The 3DS [3-5 hours] brought this system. It removed the equal sized, parallel screen design of the previous series and replaced it screens that offer their own features at different aspect ratios. Real world and potential battery life are the lowest that they’ve ever been in a Nintendo handheld. The system from the beginning wanted to be a utility but was marred by Nintendo’s quirks (random 3D music video’s, no progression in digital content ownership). I haven’t mentioned this in past posts, but the games are also much more expensive when compared with the other handheld systems. Inflation may tell a different story with their being some similarities in the beginning.

Anecdotally speaking, the games for the system are the least affordable games of any Nintendo handheld ecosystem. It’s the first handheld that centers itself around 3D and around features that are not eaily enjoyed or conveyable to potential customers. Despite the fact that 3D can and often is disabled, it is viewed as the 3D DS. Consumers as whole, judging by their reactions and spending, do not care about or like 3D. A significant portion do but it’s arguable that there aren’t enough that care about in a handheld gaming context.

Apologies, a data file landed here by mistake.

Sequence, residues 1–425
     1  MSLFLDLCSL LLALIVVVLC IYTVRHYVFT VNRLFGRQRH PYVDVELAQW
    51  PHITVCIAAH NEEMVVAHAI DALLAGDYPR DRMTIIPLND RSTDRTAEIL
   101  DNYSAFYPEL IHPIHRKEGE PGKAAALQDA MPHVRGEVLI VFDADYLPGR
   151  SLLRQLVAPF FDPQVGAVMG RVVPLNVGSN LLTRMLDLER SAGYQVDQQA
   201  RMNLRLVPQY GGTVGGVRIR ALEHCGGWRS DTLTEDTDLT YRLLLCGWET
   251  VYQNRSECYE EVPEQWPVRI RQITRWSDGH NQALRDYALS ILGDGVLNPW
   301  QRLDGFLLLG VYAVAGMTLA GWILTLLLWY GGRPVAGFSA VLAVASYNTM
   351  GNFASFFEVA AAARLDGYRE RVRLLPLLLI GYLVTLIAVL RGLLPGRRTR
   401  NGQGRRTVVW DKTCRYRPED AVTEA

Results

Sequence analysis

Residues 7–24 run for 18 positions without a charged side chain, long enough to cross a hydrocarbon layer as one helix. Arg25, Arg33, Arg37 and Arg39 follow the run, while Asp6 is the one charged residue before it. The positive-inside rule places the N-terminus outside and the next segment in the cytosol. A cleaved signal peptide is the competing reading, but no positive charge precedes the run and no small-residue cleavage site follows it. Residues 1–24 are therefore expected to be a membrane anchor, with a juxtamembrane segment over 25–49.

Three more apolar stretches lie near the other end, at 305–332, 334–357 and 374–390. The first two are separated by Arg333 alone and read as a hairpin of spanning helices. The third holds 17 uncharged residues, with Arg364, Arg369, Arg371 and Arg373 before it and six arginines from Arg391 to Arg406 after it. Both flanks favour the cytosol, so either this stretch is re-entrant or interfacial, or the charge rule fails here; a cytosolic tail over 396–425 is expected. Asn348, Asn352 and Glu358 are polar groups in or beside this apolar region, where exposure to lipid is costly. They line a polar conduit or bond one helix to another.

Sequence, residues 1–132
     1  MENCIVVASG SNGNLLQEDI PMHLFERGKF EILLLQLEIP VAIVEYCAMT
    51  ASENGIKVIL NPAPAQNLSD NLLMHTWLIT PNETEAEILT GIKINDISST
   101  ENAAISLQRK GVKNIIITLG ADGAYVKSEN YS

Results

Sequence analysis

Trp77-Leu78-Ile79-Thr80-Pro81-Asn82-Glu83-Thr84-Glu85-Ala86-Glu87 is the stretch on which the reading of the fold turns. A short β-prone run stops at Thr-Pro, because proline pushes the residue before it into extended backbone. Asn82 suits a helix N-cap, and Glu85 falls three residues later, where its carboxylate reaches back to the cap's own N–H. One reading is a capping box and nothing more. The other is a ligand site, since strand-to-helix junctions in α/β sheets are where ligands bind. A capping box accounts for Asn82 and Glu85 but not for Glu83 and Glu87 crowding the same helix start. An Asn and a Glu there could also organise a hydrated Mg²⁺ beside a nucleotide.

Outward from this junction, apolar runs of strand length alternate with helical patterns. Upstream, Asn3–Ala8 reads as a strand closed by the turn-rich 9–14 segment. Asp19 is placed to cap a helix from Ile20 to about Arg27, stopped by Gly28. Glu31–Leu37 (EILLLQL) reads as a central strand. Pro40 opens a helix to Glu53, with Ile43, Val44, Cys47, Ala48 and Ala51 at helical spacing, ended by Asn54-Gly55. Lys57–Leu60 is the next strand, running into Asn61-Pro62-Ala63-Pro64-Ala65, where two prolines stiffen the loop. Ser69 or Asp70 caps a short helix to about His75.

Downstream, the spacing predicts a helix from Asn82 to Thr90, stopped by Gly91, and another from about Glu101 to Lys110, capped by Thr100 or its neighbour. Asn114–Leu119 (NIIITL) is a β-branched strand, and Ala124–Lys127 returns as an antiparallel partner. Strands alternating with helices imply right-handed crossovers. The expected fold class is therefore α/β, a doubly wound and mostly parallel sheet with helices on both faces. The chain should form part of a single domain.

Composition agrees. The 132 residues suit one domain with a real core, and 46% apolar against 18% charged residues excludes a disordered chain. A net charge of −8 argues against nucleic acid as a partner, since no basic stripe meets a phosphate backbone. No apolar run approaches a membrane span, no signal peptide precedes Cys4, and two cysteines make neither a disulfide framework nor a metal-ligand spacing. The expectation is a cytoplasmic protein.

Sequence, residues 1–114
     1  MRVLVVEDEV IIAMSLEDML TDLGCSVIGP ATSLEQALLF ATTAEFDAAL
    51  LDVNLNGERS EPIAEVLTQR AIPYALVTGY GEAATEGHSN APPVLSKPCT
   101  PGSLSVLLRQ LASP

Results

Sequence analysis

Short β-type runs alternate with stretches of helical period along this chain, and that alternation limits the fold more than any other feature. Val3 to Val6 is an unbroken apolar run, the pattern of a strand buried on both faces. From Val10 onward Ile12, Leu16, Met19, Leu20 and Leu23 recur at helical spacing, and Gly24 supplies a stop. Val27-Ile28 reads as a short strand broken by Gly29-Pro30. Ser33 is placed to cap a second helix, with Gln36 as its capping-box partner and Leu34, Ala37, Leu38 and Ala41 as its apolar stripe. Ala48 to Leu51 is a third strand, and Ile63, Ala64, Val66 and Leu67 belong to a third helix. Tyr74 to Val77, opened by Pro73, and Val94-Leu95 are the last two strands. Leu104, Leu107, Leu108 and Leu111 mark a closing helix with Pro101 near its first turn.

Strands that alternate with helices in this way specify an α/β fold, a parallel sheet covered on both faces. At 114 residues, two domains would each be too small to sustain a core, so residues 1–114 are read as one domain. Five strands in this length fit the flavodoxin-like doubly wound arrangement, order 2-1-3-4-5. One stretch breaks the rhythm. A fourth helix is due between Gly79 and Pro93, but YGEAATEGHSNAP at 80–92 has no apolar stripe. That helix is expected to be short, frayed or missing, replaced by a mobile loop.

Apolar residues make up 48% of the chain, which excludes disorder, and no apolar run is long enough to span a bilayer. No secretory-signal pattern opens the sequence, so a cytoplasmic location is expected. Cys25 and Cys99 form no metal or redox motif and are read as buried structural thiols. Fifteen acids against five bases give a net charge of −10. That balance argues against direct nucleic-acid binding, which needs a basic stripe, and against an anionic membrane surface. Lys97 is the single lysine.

The 3DS XL [3.5 to 6.5 hours of battery life]. It may have a focus similar to that as the DSi XL. The major difference being that it appeared at the series life cycle where Nintendo would normally introduce the product the atones for the sins of the original system. This is usually the handheld that helps to set the tone and expectation for the core handheld gaming experience for the rest of that handheld series life. Either Nintendo is introducing their ancilliary system earlier or the rest of the 3DS’s life is going to be about chasing smaller portions of the handheld nation with iteration. Again, that’s a job of the backup/side iteration to do. Not the one that has historically smoothed things out.